Hugs and kisses can cause sensory overload for some children.
Many children are on a restrictive diet, help your grandchild by sticking to their diet
Praise works not punishment.
Put away breakables during visits.
Some children are runners-make sure all doors are secured.
Transitions are hard-provide either verbal or visual schedules to make transitioning easier.
When talking-use two or three words. If you need to repeat what you said, don't change the order of the words.
Make sure you have your grandchild's attention before you speak to them.
Ask the parents what you can do to support the family.
Permit yourself time to go through the same grieving process as your child. You may grieve twice, once for your child and once for your grandchild
Seek current and accurate information about autism.
Be a good listener for your daughter/son.
Reassure the parents that you are available should they need you, then allow them some time to come to you.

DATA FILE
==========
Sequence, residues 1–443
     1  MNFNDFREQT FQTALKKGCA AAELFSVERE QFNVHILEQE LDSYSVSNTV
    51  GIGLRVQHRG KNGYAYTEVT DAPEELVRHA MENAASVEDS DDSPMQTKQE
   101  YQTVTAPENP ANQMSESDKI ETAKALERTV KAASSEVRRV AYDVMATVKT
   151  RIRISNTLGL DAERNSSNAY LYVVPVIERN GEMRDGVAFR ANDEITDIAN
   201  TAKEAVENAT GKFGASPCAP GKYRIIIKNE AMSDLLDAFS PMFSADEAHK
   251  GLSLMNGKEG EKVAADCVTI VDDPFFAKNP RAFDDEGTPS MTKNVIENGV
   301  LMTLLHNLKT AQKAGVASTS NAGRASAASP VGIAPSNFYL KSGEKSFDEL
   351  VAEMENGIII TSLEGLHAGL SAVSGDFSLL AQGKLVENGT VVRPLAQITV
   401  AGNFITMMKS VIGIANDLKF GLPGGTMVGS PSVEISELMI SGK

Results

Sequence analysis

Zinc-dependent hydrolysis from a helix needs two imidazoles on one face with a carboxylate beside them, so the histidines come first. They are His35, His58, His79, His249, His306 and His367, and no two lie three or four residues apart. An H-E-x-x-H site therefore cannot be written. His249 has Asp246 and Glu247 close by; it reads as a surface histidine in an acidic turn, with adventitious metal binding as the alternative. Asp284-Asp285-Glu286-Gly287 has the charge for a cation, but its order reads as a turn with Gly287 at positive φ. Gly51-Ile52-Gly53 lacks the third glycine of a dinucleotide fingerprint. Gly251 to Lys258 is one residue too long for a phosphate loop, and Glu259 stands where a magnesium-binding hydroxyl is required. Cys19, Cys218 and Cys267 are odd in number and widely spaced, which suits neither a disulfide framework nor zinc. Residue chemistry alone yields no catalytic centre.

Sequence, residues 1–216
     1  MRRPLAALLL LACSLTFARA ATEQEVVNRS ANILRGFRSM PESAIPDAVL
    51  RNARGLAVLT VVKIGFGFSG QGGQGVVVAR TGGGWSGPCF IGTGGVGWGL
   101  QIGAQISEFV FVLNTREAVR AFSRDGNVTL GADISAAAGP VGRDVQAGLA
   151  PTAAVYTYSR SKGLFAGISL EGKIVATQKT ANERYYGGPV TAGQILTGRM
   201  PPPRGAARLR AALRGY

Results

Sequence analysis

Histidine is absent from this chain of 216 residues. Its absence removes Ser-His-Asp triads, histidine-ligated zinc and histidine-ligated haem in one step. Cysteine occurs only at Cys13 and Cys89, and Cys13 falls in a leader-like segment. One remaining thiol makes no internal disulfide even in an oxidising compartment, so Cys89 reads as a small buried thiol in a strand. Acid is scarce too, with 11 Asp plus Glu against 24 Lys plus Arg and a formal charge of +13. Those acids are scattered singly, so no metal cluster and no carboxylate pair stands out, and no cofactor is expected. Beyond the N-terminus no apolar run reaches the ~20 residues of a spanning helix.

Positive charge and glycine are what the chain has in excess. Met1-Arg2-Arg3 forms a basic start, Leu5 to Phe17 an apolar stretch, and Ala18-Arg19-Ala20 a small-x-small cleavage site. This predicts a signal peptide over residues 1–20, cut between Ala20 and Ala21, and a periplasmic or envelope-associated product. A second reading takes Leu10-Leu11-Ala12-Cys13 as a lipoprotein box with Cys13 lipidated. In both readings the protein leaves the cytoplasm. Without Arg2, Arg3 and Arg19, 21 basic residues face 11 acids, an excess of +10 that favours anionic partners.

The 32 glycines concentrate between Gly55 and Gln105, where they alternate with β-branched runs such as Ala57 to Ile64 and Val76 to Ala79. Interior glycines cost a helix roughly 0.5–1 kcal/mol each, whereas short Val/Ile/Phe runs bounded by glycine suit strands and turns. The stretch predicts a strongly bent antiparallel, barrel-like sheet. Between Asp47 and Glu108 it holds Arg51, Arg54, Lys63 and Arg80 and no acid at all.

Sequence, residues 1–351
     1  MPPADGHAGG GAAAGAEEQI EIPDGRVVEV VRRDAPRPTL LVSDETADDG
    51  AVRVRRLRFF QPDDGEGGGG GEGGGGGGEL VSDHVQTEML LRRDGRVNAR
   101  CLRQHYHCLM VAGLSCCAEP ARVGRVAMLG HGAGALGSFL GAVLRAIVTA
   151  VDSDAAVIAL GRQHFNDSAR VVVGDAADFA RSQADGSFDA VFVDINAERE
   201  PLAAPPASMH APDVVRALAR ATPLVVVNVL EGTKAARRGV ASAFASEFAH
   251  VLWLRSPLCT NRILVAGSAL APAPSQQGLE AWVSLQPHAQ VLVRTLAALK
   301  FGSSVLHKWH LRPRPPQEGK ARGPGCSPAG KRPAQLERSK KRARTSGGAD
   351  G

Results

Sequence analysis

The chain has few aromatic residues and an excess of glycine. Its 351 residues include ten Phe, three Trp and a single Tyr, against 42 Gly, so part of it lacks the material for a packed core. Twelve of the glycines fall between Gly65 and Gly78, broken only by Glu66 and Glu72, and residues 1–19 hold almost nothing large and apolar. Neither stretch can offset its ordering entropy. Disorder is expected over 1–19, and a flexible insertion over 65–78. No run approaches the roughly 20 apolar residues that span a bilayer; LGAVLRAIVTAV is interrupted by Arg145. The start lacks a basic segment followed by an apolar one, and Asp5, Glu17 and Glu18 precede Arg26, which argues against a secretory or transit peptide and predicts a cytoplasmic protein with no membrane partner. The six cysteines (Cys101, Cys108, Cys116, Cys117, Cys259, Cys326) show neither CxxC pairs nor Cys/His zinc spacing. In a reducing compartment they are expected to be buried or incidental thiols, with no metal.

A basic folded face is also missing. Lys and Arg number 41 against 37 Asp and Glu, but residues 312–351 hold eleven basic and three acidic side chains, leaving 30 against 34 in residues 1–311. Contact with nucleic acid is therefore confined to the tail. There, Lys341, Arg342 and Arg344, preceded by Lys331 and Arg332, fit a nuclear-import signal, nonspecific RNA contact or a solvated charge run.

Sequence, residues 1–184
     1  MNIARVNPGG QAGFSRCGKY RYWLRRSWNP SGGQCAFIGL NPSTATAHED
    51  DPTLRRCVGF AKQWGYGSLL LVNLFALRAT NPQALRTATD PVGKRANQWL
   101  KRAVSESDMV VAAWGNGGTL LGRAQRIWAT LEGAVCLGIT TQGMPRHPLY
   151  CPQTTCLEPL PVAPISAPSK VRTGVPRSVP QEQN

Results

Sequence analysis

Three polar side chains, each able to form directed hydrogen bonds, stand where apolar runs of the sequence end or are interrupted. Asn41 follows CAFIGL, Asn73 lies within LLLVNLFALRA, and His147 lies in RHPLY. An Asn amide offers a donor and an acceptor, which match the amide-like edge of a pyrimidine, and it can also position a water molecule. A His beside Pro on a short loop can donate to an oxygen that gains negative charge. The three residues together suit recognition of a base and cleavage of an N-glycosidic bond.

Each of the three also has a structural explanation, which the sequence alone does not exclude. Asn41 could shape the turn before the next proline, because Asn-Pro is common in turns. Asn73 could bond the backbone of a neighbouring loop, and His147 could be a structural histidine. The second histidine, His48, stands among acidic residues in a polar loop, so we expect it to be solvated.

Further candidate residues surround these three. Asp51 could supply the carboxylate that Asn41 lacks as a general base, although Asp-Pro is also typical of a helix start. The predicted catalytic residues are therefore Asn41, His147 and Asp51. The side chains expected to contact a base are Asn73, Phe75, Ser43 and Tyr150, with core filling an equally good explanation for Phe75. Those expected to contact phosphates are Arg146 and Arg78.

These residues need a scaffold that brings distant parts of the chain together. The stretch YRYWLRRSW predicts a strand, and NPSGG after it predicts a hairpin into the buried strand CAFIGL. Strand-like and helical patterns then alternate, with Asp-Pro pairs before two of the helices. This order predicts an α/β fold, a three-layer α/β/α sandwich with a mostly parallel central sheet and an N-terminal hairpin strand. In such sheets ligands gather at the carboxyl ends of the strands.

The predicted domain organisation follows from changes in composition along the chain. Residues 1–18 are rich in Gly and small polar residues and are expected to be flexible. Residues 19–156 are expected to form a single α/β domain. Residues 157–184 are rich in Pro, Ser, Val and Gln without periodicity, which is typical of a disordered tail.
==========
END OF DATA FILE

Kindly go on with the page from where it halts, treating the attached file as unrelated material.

Be honest if you are uncomfortable interacting with your grandchild. Your grandchild may be stressful to supervise. Admit when emotions are frazzled.
If possible, be a part of your grandchild's development. If you live nearby, offer to accompany the child to therapy and learn techniques that are a part of your grandchild's treatment.
Remain involved as your grandchild matures. Discover that he/she has a unique personality beyond the diagnosis.
Celebrate your grandchild's accomplishments and appreciate the changes, big or small.
Show equal concern for each of your grandchildren if you have more than one.
Paying for private therapy is expensive. The average cost is $50,000 each year. If you can, help out financially with your grandchild's private therapy expenses. It will be the best present you'll ever give him/her.